Still truthful, still honest, still dark in ways
By Daryl Lim
I came across The Weeknd in 2011 as a recommendation from a good friend based in Toronto. Initially, I had my reservations, considering my taste in R&B was more into neo-soul, very soulful, laidback, jazzy. When I gave The Weeknd’s first mixtape, the legendary in R&B circles “House of Balloons,” I was hooked. It was raw, expressive, and dark, definitely nothing like we’ve ever experienced. Here we were, being treated to a sonic movement that was so honest, I couldn’t personally fathom how he would be able to outdo the quality of “House of Balloons”. Fast forward to two more mixtapes and two albums later, and we come across to the mainstream equal of “House of Balloons”.
“Starboy” leads off with the title track, a midtempo, danceable ditty that gives us Abel Tesfaye in full braggadocio. Cocky and honest, he throws us into the reality of who he is today; the bad ass who can out swag even the swaggiest, all without the need to do so. “Party Monster” sees the XO Records figurehead trying to seduce a woman to come home with him even if he doesn’t know her name. Another standout track, “Sidewalks,” features another emblematic figure in Kendrick Lamar. K-Dot offers another strong guest verse that parallels Abel’s tough upbringing in Toronto with his hard surroundings of Compton in California. On the album’s second collaboration with French electronic music giants Daft Punk, “I Feel It Comin’” sees Abel seranading a lady by making her believe in the purity of what he really wants: love and sincerity, a track which, most likely, is dedicated to his girlfriend, model Bella Hadid. Another great track is “Reminder,” a track that speaks of his true background and the truth in his songs, loudly wondering how a track about drugs won him a Nickelodeon Teen’s Choice Award.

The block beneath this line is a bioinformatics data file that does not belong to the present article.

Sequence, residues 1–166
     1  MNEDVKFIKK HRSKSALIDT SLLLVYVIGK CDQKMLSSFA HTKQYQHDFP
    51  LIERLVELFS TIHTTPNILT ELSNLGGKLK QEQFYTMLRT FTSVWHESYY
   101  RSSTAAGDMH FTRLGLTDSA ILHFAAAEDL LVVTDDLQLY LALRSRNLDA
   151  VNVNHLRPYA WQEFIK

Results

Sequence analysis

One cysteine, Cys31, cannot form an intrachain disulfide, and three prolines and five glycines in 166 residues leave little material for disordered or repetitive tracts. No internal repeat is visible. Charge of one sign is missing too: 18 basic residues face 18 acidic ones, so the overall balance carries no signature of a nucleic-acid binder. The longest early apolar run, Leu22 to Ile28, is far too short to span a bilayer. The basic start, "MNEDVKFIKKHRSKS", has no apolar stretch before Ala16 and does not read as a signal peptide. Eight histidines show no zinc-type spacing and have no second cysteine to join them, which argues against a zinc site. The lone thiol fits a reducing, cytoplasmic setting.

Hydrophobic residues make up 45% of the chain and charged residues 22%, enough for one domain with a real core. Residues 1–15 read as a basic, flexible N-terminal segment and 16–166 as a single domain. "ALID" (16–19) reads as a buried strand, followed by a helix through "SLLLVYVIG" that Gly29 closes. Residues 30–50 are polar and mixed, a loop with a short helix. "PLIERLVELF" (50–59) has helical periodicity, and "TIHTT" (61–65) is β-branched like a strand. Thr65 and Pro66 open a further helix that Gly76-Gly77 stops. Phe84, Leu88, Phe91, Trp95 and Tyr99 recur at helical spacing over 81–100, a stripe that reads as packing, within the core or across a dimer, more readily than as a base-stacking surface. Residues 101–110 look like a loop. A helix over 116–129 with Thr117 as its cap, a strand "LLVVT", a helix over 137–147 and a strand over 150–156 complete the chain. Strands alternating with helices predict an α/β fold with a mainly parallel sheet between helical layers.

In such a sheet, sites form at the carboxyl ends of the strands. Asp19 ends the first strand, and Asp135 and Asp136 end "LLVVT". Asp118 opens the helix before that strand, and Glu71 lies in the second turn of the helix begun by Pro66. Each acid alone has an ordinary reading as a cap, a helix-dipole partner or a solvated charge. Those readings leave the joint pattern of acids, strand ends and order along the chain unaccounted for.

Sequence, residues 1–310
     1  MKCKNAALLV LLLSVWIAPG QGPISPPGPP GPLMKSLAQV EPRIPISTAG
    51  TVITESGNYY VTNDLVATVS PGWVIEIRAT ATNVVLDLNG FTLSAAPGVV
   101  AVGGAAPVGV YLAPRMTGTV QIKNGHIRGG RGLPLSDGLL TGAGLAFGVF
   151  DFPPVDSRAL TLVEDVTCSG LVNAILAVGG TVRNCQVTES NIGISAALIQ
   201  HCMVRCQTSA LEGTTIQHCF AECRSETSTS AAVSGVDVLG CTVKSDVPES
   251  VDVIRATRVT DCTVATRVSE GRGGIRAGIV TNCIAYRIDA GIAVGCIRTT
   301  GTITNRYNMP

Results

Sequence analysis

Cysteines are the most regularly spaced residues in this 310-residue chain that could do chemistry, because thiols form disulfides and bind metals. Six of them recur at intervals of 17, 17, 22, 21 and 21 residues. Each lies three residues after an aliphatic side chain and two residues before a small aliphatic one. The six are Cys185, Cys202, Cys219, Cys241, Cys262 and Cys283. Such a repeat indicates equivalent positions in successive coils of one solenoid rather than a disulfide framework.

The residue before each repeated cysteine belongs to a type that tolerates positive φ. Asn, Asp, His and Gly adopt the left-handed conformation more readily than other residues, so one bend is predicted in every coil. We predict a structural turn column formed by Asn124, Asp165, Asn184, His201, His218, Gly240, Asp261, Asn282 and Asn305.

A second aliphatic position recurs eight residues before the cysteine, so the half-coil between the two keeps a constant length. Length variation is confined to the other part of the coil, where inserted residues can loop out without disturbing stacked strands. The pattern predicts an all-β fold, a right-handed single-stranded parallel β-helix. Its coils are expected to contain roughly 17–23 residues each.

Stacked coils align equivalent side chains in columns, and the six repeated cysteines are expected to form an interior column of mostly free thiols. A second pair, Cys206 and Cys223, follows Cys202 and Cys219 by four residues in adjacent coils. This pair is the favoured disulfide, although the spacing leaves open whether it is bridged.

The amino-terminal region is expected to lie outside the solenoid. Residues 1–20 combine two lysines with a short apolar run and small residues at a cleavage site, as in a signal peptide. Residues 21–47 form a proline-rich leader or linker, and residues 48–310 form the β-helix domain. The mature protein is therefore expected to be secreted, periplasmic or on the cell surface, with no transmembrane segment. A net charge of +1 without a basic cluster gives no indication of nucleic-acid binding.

big thanks to all the fans and the collaborators on this album. it was such an honor : https://t.co/LZqp1rXcLN
— The Weeknd (@theweeknd) November 25, 2016
Is the album as good as House of Balloons? To be honest, none of his work compares to it. “House of Balloons” was perfection for the time it came out, but, like the namesake of this album, “Starboy” is the lighter version of it. Still truthful, still honest, still dark in ways, this album is in a place of its own. To not sound like everyone else, Abel Tesfaye has done a great job still being who he is: a man who makes honest music. It might not cater to the hardcore fan anymore, considering how commercial his sound has now become, but, lyrically, is still the same old Abel, just delivered under the sparkling shine of commercial production.
Check out the official music video below and let us know what you think in the comments!